The Rohingya remain “at serious risk of genocide,” the International Court of Justice said in its ruling, ordering Myanmar to curb violence against the Muslim community.
Mostly Muslim Gambia launched a lawsuit in November at the United Nations’ highest body for disputes between states, accusing Myanmar of genocide against Rohingya in violation of a 1948 convention.
Thursday’s ruling dealt only with Gambia’s request for so-called preliminary measures, the equivalent of a restraining order for states. While the court’s final decision could take years to reach, the 17 judge panel made clear in a unanimous ruling that the court believes the Rohingya are in danger now, and steps must be taken to protect them.
The Rohingya remain “at serious risk of genocide,” presiding Judge Abdulqawi Yusuf said, reading a summary of the decision. Myanmar shall “take all measures within its power to prevent all acts” prohibited under the 1948 Genocide Convention, the ruling said. Myanmar must report back within four months.
It ordered the government of Myanmar to exercise influence over its military and other armed groups to prevent “killing members of the group, causing serious bodily or mental harm to the members of the group, deliberately inflicting on the group conditions of life intended to bring about its physical destruction in whole or in part.”
More than 730,000 Rohingya fled Myanmar after a military-led crackdown in 2017, and were forced into squalid camps across the border in Bangladesh. U.N. investigators concluded that the military campaign had been executed with “genocidal intent”.
Moments before the court in The Hague began reading its ruling, the Financial Times published an article by Myanmar’s civilian leader Aung San Suu Kyi in which she said war crimes may have been committed against Rohingya Muslims but that refugees had exaggerated the abuses against them.
During a week of hearings last month, Suu Kyi, winner of the Nobel Peace Prize in 1991, had asked the judges to drop the case.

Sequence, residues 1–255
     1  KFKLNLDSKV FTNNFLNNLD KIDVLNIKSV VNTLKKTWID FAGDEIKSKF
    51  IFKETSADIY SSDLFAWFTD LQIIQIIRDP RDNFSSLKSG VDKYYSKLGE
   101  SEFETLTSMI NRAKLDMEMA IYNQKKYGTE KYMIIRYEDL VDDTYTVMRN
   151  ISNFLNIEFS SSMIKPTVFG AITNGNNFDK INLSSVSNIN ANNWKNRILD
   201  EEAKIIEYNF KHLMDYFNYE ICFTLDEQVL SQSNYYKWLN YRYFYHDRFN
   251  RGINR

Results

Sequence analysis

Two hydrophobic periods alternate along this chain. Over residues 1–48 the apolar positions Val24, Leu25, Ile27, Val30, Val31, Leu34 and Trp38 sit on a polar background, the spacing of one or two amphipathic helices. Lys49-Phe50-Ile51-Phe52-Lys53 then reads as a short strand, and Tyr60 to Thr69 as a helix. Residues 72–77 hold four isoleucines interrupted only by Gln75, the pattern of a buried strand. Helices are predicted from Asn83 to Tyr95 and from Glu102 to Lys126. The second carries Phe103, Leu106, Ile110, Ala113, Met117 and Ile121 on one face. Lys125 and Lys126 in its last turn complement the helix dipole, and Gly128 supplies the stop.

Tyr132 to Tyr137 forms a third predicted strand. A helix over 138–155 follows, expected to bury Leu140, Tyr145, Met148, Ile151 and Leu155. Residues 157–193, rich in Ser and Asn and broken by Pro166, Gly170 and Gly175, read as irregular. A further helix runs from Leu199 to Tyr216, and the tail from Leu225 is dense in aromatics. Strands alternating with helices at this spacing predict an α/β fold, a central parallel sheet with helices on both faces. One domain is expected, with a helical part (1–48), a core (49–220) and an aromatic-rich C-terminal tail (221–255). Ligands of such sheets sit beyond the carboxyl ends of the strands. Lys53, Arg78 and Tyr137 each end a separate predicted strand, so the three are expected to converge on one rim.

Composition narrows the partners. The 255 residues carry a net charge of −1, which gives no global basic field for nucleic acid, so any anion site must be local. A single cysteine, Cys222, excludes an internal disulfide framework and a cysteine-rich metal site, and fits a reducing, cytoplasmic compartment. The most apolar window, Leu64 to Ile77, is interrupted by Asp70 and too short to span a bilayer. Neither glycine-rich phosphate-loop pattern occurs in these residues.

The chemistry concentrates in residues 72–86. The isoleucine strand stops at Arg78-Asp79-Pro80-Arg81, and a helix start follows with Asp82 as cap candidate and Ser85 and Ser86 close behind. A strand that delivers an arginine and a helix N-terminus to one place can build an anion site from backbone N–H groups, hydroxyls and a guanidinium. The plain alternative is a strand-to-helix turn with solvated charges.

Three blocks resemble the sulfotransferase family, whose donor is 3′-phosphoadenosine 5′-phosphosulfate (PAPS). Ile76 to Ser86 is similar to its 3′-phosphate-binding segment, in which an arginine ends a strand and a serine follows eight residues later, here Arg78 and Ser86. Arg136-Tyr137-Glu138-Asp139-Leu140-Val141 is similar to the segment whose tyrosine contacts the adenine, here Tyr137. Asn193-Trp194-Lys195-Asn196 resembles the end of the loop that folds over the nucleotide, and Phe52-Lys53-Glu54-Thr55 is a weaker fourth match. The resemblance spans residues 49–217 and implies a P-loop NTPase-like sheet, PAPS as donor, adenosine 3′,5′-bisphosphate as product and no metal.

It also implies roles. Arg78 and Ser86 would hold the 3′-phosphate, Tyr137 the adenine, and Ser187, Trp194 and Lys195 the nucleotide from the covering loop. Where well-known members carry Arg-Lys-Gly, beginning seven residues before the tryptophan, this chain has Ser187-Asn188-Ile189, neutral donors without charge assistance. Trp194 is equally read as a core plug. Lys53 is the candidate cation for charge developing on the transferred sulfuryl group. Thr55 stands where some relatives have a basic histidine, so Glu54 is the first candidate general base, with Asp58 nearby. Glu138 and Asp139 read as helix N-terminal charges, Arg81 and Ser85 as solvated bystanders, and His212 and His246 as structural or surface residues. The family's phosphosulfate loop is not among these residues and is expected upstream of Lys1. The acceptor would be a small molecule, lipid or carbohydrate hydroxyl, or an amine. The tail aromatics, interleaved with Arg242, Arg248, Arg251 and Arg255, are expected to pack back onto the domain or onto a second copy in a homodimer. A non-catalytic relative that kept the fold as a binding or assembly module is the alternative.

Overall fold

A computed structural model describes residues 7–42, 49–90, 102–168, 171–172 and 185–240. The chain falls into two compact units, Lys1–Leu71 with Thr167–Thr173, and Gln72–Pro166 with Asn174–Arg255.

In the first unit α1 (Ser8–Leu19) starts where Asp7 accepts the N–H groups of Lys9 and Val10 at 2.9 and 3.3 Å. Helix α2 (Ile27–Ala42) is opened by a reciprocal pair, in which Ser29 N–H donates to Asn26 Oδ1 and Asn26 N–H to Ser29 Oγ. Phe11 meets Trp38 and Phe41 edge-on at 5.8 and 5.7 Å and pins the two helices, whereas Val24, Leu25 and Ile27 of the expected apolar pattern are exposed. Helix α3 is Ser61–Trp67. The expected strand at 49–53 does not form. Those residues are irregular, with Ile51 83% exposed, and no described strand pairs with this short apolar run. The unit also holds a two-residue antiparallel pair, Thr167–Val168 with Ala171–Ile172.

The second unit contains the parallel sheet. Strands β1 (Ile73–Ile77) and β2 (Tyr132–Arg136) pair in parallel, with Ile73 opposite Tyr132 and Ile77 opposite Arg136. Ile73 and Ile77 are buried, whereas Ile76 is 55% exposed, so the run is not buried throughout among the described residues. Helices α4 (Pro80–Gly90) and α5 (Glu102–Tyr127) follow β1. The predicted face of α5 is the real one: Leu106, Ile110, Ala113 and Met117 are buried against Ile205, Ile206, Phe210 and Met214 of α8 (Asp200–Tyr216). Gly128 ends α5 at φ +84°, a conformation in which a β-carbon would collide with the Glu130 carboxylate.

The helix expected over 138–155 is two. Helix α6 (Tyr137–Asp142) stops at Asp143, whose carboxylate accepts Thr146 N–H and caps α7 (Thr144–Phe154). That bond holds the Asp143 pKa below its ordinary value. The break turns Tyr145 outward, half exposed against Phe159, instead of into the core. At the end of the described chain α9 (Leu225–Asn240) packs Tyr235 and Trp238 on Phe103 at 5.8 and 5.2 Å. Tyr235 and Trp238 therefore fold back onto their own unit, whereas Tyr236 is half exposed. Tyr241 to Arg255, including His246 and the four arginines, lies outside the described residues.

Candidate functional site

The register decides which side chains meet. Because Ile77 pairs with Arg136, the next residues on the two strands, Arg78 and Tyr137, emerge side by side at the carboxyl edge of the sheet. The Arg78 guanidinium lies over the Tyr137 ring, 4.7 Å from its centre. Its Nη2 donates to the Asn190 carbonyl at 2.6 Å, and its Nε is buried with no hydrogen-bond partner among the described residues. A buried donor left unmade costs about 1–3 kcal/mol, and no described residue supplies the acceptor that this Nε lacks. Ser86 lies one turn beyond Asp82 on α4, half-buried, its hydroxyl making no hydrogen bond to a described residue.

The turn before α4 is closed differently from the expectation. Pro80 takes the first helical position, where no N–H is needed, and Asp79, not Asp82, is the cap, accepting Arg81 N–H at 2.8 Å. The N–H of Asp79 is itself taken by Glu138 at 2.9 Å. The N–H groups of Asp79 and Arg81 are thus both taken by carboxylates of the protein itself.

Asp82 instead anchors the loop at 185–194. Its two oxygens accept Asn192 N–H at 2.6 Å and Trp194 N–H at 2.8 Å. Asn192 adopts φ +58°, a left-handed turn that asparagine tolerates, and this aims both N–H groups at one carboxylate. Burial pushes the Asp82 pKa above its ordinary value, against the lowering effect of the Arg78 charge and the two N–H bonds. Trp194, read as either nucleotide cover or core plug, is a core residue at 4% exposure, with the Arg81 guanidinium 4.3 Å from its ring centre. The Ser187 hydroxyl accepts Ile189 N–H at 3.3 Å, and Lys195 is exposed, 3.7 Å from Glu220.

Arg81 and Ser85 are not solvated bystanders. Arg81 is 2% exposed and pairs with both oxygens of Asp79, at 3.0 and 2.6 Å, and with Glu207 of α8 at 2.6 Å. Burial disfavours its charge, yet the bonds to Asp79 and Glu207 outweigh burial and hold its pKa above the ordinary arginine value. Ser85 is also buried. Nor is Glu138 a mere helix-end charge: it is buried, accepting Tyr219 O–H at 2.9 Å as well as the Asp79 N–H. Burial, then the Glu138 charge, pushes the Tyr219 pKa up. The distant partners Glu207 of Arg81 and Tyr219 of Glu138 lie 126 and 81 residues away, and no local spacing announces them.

The World Court’s rulings are final and without appeal, although it has no real way of enforcing them.
“The court is of the opinion that the Rohingya in Myanmar remain extremely vulnerable,” said Yusuf, the presiding judge.
“Moreover, the court is of the opinion that the steps which [Myanmar] claimed to have taken to facilitate the return of Rohingya refugees present in Bangladesh, to promote ethnic reconciliation, peace and stability in Rakhine State, and to make its military accountable for violations of international humanitarian and human rights law, do not appear sufficient.”
More than 100 Myanmar civil society groups published a statement saying they hoped international justice efforts would “bring forth the truth” and end impunity.
“Political and military policies have always been imposed with violent force and intimidation upon the people of Myanmar, systematically and institutionally, on the basis of their political and religious beliefs and ethnic identities and continue until the present,” the statement said.
“We understand very clearly that the ICJ case against Myanmar is directed toward those responsible for using political power and military might, and not to the people of Myanmar.”
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